A sandy, well-drained, full-sun location is ideal for “Autumn Joy” sedum to flourish. Using a shovel, dig 15 inches deep into the new planting site’s soil to soften it up before you begin planting. Compost should be incorporated into the loosened soil at a depth of about 3 inches. The diameter of the future plant’s root ball should be twice as large as the planting hole’s depth, so plan accordingly.

How to Dig Up and Divide the Plant

The day before you intend to divide and transfer your “Autumn Joy” sedum, water it thoroughly. Plants do not suffer as much damage when dug out in moist soil than in dry soil. A spading fork can be used on all sides of the “Autumn Joy” to loosen the soil, digging about 5 inches from the plant. Lift the entire plant out of the ground by slipping the fork underneath it. Disinfect a sharp knife before using it to cut up the plant into smaller pieces so you can divide it. Clean the knife with ethanol or isopropyl alcohol or soak it in a bleach-to-nine-parts-water solution for 30 minutes before using it.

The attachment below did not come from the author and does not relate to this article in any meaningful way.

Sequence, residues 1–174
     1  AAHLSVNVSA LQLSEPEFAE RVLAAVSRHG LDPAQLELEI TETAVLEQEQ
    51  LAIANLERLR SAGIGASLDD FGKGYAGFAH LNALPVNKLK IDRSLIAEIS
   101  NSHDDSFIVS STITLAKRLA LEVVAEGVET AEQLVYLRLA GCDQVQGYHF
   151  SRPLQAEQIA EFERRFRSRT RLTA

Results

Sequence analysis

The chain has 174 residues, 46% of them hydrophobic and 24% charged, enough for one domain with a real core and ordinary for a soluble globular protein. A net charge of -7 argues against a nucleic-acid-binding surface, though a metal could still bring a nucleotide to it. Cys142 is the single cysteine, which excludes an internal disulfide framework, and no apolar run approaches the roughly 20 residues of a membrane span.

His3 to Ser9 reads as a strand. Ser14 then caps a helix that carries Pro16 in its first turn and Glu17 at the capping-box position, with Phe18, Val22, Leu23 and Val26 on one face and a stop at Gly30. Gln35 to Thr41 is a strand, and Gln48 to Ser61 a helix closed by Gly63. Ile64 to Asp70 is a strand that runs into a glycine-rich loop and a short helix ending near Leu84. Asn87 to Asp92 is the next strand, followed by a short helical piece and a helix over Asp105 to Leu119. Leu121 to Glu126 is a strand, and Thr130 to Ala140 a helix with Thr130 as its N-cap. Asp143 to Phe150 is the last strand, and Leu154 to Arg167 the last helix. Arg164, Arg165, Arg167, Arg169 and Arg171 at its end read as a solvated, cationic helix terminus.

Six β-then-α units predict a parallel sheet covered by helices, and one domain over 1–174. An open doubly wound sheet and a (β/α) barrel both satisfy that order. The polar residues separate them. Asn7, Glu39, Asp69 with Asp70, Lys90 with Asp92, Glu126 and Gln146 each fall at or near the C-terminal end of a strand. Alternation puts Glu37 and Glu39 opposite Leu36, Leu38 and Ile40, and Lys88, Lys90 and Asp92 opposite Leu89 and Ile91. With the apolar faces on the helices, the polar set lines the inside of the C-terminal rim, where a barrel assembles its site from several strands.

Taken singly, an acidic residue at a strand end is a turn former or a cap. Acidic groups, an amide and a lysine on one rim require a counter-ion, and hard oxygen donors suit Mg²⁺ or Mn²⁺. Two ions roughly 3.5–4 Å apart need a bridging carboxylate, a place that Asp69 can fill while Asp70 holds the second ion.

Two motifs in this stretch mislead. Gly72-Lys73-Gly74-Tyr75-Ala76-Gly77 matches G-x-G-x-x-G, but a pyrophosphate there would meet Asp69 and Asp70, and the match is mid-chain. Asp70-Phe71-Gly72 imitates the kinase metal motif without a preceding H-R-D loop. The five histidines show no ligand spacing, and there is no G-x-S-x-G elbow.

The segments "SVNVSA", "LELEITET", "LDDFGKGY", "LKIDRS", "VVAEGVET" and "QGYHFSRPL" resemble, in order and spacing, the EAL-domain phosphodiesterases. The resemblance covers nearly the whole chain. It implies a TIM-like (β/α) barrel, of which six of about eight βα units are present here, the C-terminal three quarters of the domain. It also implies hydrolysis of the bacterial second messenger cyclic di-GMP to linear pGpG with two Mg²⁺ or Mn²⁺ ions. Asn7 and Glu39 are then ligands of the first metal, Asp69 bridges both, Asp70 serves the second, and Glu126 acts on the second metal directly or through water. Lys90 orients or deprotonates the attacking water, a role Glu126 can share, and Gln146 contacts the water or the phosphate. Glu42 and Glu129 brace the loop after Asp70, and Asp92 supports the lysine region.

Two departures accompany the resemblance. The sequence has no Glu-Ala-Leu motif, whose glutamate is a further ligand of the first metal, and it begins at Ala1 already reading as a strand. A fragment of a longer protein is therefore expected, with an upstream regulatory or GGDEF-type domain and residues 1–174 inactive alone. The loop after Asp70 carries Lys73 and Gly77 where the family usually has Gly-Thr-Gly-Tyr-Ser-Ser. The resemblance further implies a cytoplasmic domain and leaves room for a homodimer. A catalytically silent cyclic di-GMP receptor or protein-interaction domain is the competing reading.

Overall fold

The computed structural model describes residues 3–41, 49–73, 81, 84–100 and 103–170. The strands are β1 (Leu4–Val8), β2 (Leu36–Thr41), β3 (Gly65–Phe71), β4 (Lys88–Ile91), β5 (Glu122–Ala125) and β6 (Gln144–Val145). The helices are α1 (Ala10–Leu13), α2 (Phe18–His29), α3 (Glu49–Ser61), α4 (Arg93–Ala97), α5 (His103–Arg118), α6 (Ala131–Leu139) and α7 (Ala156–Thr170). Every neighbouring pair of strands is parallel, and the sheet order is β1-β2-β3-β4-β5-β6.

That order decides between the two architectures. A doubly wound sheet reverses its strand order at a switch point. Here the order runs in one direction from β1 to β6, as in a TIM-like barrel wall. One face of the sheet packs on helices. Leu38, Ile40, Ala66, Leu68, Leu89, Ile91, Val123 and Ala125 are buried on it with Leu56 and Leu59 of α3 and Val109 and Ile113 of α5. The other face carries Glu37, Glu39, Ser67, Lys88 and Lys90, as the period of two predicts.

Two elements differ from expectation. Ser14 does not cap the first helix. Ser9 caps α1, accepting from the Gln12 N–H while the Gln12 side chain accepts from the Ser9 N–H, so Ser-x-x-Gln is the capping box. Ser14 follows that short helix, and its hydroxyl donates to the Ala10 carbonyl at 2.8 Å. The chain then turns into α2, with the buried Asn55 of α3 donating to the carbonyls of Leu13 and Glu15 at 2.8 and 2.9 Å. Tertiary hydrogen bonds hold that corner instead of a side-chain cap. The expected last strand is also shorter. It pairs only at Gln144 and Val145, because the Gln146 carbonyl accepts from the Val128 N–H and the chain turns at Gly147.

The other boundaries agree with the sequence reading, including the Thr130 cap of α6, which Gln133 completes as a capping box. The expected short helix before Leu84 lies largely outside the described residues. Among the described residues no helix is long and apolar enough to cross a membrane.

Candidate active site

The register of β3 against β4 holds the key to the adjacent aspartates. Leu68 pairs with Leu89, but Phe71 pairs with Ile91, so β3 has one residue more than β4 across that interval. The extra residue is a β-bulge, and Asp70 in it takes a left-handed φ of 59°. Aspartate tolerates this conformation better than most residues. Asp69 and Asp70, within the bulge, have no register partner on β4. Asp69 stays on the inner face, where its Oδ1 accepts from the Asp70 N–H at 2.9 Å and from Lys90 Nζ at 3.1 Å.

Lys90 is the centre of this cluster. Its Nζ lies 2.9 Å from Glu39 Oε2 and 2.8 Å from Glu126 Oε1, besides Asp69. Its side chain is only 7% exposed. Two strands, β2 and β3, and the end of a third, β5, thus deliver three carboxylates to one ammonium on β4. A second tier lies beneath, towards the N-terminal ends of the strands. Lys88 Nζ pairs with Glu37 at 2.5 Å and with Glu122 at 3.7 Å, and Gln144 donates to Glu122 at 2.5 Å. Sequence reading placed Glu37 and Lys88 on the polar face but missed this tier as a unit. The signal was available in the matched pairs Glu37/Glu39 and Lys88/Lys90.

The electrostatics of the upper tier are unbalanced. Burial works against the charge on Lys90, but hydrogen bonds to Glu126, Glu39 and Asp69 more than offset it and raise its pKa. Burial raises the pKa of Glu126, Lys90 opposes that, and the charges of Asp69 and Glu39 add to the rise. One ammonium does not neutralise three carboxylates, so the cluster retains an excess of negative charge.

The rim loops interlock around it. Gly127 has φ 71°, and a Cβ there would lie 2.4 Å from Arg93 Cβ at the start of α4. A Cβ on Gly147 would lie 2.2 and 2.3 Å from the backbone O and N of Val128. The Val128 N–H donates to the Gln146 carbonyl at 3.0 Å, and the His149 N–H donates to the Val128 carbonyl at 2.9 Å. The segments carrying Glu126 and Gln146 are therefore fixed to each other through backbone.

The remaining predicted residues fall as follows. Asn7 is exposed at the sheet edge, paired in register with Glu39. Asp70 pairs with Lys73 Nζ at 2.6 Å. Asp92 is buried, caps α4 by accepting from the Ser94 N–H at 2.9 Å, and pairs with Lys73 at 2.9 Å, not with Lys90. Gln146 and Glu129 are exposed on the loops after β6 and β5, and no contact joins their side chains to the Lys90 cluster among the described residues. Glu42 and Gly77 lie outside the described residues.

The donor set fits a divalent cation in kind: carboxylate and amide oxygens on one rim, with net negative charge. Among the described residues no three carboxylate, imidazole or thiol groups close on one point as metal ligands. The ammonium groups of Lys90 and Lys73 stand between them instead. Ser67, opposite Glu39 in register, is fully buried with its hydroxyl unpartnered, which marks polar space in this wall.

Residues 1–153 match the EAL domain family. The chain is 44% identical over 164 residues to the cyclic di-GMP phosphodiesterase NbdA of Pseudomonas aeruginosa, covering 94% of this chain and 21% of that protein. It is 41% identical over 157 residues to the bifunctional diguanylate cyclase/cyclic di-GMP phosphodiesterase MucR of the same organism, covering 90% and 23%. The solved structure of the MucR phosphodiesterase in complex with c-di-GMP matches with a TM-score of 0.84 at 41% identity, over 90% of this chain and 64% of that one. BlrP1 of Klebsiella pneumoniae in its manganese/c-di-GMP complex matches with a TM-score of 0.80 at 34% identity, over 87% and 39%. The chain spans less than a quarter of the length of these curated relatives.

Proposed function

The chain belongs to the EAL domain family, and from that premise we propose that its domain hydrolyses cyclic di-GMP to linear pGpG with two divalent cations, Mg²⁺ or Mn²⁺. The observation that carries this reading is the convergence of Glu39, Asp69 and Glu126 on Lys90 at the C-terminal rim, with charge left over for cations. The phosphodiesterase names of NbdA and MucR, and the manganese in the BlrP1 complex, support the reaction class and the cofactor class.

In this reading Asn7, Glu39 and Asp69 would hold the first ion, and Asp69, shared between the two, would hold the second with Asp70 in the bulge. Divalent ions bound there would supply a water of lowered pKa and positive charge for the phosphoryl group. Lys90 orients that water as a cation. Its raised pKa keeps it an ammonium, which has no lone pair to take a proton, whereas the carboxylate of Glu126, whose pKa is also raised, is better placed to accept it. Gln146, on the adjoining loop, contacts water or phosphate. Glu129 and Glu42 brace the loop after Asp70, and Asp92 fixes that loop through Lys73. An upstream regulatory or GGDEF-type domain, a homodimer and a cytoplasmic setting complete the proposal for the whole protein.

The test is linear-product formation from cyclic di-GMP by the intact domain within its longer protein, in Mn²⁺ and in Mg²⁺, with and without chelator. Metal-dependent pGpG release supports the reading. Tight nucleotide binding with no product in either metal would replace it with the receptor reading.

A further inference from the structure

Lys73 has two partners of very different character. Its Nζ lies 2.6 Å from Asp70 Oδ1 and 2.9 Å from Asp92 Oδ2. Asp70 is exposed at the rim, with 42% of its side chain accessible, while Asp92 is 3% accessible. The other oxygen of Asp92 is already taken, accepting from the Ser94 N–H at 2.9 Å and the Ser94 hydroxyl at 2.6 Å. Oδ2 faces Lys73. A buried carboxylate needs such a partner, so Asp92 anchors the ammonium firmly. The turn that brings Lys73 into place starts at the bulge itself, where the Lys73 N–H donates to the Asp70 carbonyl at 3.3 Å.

How to Grow Sedum 'Autumn Joy' for Fall Color - Dengarden

How to Place the Sedum

Space each “Autumn Joy” plant about 6 inches from other plants, and place it in its prepared hole so that the top of the root ball is level with the surface of the surrounding soil. To eliminate any air pockets, compact the dirt around the roots of each plant and thoroughly water it.